Each week more than a million people die around the world; almost always they are more than a million strangers.
But not this week, this week a friend died. And he was a good man, good in all the ways that counted, especially as a husband, father and grandfather.
His name was Erwin Potts, and there was a time not so long ago in the scheme of things when he sat in a corner office in the building that houses this newspaper as the chairman and CEO of The McClatchy Company.
He was my boss, a wonderful mentor and, as noted, a friend.
He, like the man who brought him to Sacramento, the late C.K. McClatchy, was a person of unyielding integrity, a deep devotion to his community and an unbreakable commitment to journalistic excellence.
He started as a journalist and went on to be a major success on the business side. But that seed of journalism was always planted solidly in his heart. And for those of us in the newsroom, we knew we had an ally.
Oh, he could be tough and demanding, but never in a harsh way. He set high standards and expected you to reach them, just as he did for himself. And I can still hear him saying, “Service is No. 1.” By that he meant service to our readers and our advertisers, and service to each other.
His leadership started from a place of caring, a place where trust existed, a place where he always tried hard to make sure that visions and goals were embraced by all involved in the process.
He grew up in North Carolina, graduated from the University and bled Tar Heel blue whenever March Madness rolled around, never forgetting where he came from and how he got to where he was.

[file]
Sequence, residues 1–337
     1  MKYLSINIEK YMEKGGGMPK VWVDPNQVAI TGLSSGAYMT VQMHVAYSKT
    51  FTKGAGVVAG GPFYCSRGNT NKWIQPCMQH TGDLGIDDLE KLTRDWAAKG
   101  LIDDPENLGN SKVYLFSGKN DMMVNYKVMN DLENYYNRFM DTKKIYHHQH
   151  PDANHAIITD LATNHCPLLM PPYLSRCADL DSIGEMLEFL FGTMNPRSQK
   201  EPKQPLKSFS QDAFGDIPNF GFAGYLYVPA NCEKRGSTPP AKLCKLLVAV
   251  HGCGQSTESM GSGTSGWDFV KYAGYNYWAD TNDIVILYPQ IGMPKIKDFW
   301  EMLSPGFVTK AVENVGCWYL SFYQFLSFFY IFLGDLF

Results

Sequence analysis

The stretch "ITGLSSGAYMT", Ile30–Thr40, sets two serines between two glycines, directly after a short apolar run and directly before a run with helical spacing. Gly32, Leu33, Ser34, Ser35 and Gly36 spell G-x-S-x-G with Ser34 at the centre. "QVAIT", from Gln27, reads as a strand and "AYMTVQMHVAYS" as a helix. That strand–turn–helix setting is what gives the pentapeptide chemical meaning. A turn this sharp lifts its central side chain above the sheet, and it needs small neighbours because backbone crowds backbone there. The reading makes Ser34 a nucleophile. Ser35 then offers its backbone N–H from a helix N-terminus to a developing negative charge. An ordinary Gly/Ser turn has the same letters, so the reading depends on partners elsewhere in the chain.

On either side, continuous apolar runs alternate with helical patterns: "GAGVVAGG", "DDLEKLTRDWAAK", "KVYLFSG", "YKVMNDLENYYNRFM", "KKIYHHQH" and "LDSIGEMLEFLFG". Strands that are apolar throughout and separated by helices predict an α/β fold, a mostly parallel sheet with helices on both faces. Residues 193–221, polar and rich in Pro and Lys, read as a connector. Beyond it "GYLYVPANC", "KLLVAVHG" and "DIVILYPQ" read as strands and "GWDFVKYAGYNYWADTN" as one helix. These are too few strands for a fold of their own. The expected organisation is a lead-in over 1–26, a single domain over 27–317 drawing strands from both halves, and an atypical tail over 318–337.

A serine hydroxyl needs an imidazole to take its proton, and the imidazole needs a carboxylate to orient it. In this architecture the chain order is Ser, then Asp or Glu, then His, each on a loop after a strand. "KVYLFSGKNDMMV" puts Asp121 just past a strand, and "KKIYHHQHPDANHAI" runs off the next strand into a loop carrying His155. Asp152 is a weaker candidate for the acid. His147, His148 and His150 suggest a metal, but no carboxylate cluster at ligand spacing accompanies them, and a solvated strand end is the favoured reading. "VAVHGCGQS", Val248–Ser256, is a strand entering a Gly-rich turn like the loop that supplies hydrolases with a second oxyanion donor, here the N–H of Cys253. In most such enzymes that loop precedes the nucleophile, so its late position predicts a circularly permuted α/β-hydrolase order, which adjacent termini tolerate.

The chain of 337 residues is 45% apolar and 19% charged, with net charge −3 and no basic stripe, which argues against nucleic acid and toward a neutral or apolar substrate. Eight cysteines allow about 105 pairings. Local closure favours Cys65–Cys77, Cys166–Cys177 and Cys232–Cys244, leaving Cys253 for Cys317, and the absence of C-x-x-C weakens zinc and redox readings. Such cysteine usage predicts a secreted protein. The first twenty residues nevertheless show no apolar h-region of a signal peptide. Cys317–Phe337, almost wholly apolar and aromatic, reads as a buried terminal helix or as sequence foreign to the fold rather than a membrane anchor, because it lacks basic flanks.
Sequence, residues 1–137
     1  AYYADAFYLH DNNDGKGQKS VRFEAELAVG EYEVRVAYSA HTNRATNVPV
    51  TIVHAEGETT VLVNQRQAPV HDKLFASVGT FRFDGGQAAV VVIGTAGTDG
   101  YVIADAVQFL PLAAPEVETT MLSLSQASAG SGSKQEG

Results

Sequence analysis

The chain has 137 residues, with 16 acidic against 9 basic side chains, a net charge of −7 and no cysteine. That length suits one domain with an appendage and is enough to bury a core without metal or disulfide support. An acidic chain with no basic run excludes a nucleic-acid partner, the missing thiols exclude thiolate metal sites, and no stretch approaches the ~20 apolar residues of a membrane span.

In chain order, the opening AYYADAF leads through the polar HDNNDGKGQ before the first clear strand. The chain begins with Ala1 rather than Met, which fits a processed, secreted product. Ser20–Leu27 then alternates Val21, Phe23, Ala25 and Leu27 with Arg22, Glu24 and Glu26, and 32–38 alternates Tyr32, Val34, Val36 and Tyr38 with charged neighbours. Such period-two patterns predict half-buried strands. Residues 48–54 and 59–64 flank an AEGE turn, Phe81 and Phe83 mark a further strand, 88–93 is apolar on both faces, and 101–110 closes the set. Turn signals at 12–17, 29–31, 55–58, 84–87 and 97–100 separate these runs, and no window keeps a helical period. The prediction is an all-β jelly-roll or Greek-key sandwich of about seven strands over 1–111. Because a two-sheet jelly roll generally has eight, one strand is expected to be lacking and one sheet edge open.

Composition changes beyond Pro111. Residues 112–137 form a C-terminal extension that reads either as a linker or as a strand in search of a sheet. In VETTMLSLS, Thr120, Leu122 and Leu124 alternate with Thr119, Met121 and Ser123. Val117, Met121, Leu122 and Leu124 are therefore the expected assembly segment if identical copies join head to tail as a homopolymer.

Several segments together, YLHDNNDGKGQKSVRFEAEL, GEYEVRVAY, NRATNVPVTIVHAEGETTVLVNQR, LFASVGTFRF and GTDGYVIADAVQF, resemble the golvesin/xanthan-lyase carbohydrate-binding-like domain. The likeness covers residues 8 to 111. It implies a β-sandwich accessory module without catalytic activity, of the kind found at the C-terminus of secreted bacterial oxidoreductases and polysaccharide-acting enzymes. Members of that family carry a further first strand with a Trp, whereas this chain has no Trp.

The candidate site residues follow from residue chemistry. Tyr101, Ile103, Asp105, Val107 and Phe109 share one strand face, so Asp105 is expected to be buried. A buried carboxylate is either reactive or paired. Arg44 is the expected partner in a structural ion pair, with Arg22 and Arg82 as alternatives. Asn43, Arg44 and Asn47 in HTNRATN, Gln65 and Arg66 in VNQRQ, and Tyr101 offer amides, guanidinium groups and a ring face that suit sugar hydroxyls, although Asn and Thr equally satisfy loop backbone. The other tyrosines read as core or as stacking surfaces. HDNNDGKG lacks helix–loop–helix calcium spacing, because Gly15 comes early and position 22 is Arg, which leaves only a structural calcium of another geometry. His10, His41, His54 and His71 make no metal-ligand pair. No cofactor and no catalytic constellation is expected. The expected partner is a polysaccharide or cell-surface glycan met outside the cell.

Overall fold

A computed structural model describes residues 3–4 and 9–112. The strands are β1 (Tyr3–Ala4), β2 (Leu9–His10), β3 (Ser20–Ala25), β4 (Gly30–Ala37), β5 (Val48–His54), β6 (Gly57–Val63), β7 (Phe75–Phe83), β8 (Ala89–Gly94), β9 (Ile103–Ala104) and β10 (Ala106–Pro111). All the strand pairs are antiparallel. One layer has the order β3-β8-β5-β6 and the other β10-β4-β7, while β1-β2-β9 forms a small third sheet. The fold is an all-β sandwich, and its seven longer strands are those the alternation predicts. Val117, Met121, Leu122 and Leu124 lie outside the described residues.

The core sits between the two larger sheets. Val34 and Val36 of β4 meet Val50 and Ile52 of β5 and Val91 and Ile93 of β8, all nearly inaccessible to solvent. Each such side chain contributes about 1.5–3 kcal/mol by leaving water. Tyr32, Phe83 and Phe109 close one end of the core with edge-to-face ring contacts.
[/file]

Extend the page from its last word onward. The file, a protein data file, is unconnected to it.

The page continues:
He walked like John Wayne, played tennis and golf with the same intensity he showed as a reporter or in the boardroom, and instinctively knew how to bring people together.
The first time I met him was in 1984 when I came to Sacramento to interview with him and C.K. to be executive editor of The Bee. It was then that he shared something from our pasts that I never knew before.
Let’s go back to 1969 when I was the new editor of the Palm Beach Post in Florida. And we were fortunate enough to hire six of the eight people in the Palm Beach bureau of the Miami Herald.
As Erwin told it, the Herald editors wanted to know what was going on up there. So they sent their city editor to check it out. Which he did.
Then flash forward 15 years. The man across the table telling me this tale with a smile on his face was that same city editor, Erwin Potts.
My luck held out and soon I was working for the two men who exemplified the ideal bosses for any journalist.
Yes, each week more than a million strangers die. But this week a friend passed on.
He was a good man. His name was Erwin.
Gregory Favre is the former executive of The Sacramento Bee and retired vice president of news for the McClatchy Company. He can be contacted at email@example.com